If you end up with too much logic in triggers, and indeed stored procedures, you can easily end up with performance issues on your database server that could have, indeed should have been addressed by distributing the heavy duty processing tasks i.e. complex business logic among application servers and leaving the database server free for its primary purpose i.e. serving data.

Just my two bits' worth of course!

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Each time you insert a row into a table, the odds are that you are writing to the same area of the hard drive or the same page (in MS-SQL world, I don't know about postgresql), so this technique will likely lead to contention and locking as all transactions are now competing to write to the same table.

Also this will halve insert performance since inserts require two inserts instead of one.

And this is denormalization since there are now two copies of the data instead of one.

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Performance are a good point, but denormalization in this case could be used for 'historycal' purpose.. i dont see it bad this time – Strae Oct 13 '11 at 15:39
I've worked with database since the 1970's and that is probably the single worst idea I have ever heard in terms of database design. You design databases for data integrity, performance and security. You do NOT design them to make it simpler for application developers. Users insert records many times a minute typically, developers touch the code for that section once every couple of years. This is a performance nightmare. There is no way this can ever work under load unless you have two users and virtually no inserts. – HLGEM Oct 13 '11 at 15:49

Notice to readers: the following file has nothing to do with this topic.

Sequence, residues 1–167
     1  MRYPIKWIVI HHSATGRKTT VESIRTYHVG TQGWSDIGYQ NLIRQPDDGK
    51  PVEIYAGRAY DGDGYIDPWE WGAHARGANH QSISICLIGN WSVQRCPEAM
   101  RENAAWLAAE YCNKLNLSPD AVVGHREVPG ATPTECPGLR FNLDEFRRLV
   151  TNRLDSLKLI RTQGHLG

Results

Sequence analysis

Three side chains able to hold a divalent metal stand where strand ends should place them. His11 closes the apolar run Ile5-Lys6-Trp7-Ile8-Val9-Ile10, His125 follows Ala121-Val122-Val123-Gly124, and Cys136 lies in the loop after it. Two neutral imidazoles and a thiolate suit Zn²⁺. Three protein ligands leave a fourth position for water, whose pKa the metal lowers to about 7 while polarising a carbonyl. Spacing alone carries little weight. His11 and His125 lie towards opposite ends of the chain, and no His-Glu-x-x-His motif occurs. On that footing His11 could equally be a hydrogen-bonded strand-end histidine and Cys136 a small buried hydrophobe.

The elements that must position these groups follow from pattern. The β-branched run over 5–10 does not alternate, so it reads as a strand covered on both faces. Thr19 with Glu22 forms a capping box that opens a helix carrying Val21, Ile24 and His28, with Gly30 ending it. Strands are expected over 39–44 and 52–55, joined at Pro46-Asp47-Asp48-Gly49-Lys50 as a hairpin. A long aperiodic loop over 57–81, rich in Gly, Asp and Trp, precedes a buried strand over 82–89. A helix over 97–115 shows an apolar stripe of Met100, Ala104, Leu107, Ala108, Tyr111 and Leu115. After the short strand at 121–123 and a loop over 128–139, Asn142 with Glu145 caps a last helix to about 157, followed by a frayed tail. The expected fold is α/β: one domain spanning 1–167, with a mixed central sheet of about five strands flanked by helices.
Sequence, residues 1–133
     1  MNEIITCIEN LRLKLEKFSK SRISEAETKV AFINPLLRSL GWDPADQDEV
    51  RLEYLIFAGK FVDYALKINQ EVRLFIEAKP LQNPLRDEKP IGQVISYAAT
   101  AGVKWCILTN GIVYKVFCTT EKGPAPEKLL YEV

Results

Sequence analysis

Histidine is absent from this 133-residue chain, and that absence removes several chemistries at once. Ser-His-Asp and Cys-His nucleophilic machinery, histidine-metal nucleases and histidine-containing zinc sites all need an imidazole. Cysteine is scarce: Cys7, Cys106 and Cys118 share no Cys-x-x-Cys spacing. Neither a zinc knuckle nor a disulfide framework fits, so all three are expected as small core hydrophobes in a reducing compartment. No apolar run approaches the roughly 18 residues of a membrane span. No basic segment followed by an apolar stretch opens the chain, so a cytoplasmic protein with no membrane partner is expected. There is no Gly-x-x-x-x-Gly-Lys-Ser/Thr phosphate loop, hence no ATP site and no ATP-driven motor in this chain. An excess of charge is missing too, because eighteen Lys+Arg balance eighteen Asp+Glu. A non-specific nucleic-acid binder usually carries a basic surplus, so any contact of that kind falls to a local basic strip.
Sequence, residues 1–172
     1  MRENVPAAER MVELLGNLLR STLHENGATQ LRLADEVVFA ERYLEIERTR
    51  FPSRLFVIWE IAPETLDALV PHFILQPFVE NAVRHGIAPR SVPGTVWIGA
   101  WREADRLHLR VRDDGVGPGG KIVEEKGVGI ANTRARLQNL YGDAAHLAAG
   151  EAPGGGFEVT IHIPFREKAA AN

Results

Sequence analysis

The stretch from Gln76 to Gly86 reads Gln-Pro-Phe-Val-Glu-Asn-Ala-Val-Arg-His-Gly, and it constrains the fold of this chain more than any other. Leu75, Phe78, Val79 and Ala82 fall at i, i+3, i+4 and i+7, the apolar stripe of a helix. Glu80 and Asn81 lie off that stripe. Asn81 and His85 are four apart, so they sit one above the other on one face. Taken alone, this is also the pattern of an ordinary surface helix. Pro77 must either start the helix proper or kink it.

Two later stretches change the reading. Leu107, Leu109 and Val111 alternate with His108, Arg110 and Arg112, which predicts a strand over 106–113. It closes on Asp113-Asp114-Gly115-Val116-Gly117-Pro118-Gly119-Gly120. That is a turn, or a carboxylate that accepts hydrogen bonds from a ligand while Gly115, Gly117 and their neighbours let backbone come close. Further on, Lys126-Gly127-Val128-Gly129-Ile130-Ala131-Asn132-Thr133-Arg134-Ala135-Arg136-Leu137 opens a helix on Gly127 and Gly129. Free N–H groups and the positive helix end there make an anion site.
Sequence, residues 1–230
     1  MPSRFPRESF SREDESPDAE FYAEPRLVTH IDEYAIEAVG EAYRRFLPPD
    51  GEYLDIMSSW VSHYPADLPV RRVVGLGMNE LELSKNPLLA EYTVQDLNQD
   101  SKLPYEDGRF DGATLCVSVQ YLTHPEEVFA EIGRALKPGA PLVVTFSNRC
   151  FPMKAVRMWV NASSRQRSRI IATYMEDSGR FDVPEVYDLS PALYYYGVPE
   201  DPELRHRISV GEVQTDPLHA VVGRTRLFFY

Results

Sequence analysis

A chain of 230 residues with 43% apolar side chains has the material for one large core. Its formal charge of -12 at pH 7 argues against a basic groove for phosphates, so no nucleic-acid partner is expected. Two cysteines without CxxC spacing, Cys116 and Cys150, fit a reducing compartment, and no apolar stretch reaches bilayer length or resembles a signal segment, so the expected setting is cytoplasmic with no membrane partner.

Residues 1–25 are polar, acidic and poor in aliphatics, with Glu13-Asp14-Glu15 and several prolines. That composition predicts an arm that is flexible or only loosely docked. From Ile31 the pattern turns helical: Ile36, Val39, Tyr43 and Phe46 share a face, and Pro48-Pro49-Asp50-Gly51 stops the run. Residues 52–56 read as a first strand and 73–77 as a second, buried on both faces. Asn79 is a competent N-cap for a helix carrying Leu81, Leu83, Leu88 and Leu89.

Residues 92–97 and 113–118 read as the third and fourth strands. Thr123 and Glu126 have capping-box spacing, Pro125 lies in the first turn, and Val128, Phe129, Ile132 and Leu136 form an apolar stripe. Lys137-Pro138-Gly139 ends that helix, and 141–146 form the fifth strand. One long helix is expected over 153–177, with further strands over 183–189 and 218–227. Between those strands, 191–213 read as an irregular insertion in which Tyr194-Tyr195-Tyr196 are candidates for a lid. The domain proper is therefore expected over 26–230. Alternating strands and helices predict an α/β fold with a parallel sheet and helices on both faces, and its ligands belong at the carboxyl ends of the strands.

@daniel, if you want historical recording use audit tables, but again do not ever use one audit table for all tables, as it will harm performance. – HLGEM Oct 13 '11 at 15:50
@HLGEM atm im using logs (most of them file based) for historical, as it should be, but.. well this tecnique just light'up a bulb in my mind ;) – Strae Oct 13 '11 at 15:55

Please don't do this. This doesn't reduce complexity, it just moves it around. This sort of logic belongs in the application layer, where you can use a nicer language like PHP, Python, or Ruby to implement it.

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Don't do this. The fact that it's called a trick and not a standard way of doing something says enough for me.

This totally kills the normal usage pattern of the relational model. Not sure that it actually kills normal form as you can still have that all in place. It's just messing with the way data is making it to the destination tables. Looks like a performance nightmare on top of a maintenance nightmare. Imagine one table having a trigger that has to fire for 1,800 plus table inserts for example. That just makes me feel sick.

This is a interesting parlor trick nothing more.

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I would suppose that this would be quite slow, as the advantages of "bulk inserts" cannot be used.